The big guys wait in the shade for their turn. I took a picture of him because his horns point almost directly down. Because each yoke is made to fit a specific animal on a specific side, this yoke would be somewhat unique. His partner is obscured behind the trees directly above his shoulder.  
Can you see the brown longer horned guy in the back? Its amazing that the horns don't interfere with one another when yoked together!

Ah! The main event - the horse pull. Here the tractor loads 100lb "logs" of concrete onto the sled. I wish I could give you details about team weight, poundage pulled, ratios of pulled weight to horse weight, etc, but I just didn't keep track of that info. But this is how the pull is judged - whoever has the most weight pulled per horse pound is the winner.  Like the oxen, the horses have several different categories graduated according to weight.  These Belgians were the only team I got to watch because mechanical issues forced the pulls to be delayed. I had to get back to make supper!

This team quite easily pulled 1400lbs. Another component of the competition is length - not only does a team have to pull the weight a specified distance, but the teamster also has to plan and control their animals because they only have a set distance in which to pull as much weight as possible. For example, this team has to pull this weight a minimum distance for the pull to count (I think it's right around 4'), but the teamster doesn't want his team to pull too far, because if they are a big strong team, the driver will want them to pull as much weight as they can before they hit the end of the course.  Make sense?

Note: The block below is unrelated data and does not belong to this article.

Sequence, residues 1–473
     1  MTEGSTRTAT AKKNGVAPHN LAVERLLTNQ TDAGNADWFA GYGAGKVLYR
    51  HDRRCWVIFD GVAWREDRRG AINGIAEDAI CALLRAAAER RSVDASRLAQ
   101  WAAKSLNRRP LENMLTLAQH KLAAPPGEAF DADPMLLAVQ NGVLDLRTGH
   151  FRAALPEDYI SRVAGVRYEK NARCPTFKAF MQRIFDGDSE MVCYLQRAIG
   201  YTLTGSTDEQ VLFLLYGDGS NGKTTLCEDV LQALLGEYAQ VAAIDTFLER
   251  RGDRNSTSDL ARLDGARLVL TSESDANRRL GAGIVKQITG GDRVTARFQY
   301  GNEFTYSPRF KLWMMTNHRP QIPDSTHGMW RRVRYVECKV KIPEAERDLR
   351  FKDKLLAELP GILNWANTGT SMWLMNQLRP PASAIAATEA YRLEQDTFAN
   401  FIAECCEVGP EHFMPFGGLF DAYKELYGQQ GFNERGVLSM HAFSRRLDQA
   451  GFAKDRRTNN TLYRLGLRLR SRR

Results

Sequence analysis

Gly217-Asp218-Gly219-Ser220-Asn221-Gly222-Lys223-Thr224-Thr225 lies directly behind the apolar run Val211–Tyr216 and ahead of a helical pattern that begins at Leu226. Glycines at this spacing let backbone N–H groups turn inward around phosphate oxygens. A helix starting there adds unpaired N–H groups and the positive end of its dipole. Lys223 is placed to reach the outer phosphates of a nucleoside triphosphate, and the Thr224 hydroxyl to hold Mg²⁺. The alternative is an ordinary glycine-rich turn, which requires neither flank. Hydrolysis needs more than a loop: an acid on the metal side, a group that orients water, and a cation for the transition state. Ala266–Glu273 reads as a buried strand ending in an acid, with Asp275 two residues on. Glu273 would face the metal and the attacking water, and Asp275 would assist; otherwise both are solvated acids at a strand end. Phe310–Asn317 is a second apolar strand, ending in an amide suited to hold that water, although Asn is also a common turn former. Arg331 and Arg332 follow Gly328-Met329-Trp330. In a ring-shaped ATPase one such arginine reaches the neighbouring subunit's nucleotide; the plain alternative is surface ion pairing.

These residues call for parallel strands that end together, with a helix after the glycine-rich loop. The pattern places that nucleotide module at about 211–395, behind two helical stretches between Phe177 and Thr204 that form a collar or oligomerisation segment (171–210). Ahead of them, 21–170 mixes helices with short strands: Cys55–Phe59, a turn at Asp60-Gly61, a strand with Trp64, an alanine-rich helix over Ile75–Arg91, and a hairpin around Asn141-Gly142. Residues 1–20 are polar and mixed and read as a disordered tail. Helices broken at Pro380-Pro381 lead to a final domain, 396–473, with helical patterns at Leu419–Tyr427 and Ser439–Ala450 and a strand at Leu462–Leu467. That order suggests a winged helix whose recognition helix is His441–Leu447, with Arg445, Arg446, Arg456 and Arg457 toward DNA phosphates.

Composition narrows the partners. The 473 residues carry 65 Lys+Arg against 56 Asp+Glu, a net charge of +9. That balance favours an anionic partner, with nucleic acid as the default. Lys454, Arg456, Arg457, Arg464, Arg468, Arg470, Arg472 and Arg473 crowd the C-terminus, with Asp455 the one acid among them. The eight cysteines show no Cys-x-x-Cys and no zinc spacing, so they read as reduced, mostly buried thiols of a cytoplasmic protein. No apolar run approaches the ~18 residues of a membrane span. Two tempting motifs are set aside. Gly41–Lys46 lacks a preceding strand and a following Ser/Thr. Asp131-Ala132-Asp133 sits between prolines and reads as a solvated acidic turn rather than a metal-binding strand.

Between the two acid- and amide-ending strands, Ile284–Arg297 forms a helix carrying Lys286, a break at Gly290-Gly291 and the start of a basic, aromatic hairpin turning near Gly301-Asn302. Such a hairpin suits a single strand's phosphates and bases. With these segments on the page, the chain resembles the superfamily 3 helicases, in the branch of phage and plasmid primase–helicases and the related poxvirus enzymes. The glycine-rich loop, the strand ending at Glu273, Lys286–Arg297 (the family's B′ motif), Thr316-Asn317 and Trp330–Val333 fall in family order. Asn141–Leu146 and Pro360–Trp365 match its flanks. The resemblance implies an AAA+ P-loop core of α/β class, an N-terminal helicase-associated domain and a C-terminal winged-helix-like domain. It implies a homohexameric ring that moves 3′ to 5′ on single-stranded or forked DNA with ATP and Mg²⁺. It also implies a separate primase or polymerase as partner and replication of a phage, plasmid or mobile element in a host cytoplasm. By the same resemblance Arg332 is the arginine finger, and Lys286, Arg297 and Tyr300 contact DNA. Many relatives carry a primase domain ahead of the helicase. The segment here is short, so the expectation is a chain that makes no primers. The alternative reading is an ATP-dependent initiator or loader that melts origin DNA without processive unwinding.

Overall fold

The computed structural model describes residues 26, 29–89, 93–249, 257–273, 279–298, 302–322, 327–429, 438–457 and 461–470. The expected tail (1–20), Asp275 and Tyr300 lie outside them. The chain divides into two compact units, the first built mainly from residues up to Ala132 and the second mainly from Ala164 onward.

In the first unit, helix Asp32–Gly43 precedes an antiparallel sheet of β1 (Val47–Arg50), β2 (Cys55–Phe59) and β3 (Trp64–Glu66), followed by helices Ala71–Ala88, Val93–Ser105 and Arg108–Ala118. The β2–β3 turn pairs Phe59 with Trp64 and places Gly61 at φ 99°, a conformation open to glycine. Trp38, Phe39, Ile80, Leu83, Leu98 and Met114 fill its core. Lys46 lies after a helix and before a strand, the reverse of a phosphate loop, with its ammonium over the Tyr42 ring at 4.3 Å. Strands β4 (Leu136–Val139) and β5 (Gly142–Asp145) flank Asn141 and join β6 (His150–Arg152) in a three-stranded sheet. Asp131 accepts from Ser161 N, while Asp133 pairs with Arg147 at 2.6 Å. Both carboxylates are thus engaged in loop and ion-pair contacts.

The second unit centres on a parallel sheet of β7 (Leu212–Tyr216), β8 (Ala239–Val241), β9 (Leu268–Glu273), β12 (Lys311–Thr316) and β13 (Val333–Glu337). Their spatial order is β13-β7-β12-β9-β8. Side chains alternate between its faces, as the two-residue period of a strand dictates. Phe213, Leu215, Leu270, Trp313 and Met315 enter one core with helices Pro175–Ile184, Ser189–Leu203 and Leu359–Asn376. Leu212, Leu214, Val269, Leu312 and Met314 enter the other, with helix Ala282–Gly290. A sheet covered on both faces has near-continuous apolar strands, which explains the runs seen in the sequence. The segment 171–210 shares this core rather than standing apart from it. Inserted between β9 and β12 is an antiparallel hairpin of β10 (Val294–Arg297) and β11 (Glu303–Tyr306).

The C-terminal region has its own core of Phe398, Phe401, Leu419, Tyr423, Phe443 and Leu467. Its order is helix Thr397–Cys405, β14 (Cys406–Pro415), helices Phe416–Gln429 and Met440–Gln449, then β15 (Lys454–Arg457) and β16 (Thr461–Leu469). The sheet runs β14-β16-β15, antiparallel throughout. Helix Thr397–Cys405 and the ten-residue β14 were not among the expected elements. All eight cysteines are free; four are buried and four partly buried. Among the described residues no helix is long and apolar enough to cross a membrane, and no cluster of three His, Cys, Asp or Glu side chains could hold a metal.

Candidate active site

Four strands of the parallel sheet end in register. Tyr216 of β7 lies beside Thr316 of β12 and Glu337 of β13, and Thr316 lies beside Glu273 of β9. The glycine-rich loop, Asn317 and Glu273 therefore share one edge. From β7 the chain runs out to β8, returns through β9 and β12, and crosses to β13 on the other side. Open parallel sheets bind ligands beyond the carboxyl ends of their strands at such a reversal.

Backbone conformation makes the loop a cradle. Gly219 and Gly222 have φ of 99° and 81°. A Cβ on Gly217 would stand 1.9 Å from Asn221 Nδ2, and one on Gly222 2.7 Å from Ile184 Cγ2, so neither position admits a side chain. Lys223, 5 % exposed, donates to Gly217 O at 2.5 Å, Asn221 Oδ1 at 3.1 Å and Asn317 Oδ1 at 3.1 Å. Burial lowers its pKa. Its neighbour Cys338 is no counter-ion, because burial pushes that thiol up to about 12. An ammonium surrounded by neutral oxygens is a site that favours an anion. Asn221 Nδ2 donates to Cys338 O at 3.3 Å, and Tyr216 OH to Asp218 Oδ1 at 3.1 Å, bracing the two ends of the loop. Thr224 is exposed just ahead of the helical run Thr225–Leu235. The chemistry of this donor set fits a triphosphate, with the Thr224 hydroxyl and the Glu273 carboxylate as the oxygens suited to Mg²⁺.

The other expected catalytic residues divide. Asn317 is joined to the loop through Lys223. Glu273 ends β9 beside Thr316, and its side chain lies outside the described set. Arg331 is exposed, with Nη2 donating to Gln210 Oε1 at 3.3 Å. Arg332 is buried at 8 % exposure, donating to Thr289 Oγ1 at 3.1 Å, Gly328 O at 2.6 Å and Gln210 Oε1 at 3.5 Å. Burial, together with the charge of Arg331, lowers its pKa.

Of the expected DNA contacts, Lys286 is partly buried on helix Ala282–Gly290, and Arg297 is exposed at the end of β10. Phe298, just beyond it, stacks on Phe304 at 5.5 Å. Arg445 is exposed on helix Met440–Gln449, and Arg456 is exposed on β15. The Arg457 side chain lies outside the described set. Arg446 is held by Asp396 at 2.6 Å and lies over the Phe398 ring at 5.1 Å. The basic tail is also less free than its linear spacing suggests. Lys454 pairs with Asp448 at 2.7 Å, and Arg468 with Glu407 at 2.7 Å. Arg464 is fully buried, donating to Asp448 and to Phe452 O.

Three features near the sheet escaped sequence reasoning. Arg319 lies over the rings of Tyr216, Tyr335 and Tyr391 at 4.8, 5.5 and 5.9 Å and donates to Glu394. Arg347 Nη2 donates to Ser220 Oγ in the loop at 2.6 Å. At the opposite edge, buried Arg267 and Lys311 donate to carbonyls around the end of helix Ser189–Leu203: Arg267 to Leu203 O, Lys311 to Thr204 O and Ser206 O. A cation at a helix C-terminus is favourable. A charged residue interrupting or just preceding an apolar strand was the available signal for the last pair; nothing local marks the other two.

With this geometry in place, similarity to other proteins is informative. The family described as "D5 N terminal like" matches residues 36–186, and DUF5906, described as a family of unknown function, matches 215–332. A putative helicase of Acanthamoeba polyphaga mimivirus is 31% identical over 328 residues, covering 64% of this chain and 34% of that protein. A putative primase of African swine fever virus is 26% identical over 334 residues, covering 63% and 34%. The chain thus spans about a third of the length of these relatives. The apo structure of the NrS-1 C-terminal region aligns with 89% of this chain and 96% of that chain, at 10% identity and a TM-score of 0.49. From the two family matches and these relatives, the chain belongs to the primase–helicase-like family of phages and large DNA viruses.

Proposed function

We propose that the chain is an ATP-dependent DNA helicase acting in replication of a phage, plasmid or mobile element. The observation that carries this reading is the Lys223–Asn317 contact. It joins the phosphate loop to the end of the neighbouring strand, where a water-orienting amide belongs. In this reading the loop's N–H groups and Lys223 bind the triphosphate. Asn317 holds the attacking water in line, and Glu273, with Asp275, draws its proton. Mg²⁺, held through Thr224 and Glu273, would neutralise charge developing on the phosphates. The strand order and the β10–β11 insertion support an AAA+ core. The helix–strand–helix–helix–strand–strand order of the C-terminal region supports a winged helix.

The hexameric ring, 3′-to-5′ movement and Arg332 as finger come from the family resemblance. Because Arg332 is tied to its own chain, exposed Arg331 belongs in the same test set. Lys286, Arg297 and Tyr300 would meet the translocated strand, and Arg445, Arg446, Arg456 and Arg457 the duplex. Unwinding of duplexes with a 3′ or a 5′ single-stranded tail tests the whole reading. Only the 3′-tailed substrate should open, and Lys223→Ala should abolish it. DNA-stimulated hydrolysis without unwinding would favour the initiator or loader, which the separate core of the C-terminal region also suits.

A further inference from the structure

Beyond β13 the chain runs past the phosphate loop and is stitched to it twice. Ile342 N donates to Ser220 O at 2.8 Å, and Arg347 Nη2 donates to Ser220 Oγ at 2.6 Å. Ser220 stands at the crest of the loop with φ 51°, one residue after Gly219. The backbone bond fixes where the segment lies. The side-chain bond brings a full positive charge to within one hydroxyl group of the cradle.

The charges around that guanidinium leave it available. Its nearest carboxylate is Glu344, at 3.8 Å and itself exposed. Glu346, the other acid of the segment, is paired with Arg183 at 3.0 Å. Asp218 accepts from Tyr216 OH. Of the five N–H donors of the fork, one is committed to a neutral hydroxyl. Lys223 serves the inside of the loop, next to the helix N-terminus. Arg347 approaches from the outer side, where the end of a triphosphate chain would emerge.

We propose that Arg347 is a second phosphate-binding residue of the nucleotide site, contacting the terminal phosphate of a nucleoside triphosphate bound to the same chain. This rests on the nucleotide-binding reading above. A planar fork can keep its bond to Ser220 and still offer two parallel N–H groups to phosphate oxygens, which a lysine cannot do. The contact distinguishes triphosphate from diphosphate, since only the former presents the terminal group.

I have now been to two fairs in the Valley and I really enjoy watching people of all ages, body sizes and abilities participating.  It wasn't just young, slender young women riding their perfectly groomed and finished imported European warm bloods - it was older/younger (there was a three year old girl on her pony with her mom leading!), slender/stouter, warm blood/draft cross... every body on every type of horse and participating in everything from the cross cut competition (cutting a log using a two-person saw) to the Farmer's Race (running through various farm-related chores like carrying water, moving bales, etc, all whilst wearing comically large overalls).

Coming from the prairies, I tended to think of agricultural events as white, wealthy, male activities.  But here the emphasis seems to be on the animals and food, not gigantic machines, robots and huge farming "systems".  Perhaps there are those kinds of expos here, too, but probably not in the Valley as there just isn't the same emphasis on enormous farms.  But I was happy to see people enjoying themselves, having friendly competitions, visiting with both farm neighbours and the person sitting next to you.  Everyone from all walks of life and abilities participated in all these events and it was refreshing!

A good time was had by all!